The lecture is free and open to the public. Lunch will be available while supplies last.
The dramatic events in the Middle East and the outbreak of the Ukrainian crisis have radically changed the situation in the southern and eastern neighborhoods of the European Union. Destabilization of these strategically important regions has had a significant impact on the size of migration flows entering the European Union. The massive influx of refugees and economic migrants from MENA is a serious problem that affects the internal and foreign policy of many European countries. A less known phenomenon is the mass migration from Eastern European countries to the European Union—in particular, Poland. The increasing number of migrants from Ukraine, Belarus, and Moldova, who integrate quickly and well with their host society, casts a new light on the issue of migration processes in the European Union. It is worth reflecting on the opportunities and the long and short term consequences of a new wave of immigration from that direction.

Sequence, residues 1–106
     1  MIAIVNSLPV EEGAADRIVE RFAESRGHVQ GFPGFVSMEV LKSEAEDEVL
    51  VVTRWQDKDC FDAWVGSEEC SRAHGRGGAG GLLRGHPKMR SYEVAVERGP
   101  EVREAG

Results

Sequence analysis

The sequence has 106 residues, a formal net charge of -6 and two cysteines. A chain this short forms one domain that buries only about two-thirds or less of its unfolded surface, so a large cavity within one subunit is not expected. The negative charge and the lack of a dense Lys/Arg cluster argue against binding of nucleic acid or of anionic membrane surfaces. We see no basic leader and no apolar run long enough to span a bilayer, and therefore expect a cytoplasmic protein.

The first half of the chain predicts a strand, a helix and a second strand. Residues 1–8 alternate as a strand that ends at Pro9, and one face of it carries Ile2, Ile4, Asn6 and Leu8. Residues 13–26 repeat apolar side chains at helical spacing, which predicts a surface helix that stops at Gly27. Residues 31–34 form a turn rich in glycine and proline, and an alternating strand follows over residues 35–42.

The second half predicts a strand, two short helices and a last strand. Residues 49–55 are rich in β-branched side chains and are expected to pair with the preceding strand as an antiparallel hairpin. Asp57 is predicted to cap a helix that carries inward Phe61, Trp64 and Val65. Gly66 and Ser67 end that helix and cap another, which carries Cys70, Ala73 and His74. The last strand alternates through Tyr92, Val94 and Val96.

Andrzej Szabaciuk joins the Institute from the John Paul II Catholic University in Lublin, where he serves as Assistant Professor in the Department of Eastern Studies in his university's Institute of Political Science and International Affairs. A specialist in security studies of post-Soviet areas, Prof. Szabaciuk earned his Ph.D. at Maria Curie-Skłodowska University in Lublin and has since published extensively in Polish, Russian, and Ukrainian. He collaborated in writing an award-winning monograph on the Caucasus and South-Russia in 2017 and recently conducted the central research project for Poland's Institute of National Remembrance, for which his research team won international awards. Prof. Szabaciuk has held scholarly fellowships in Ukraine, Estonia, Russia, and Georgia and was an international observer of parliamentary elections in the Donetsk in 2012. Prof. Szabaciuk also serves as Rector Plenipotentiary for the Eastern-European University Network (comprising 23 institutions) and Catholic Universities Networks. His current research focuses on Russian depopulation and the migration policy of the Russian Federation after 2014. View CV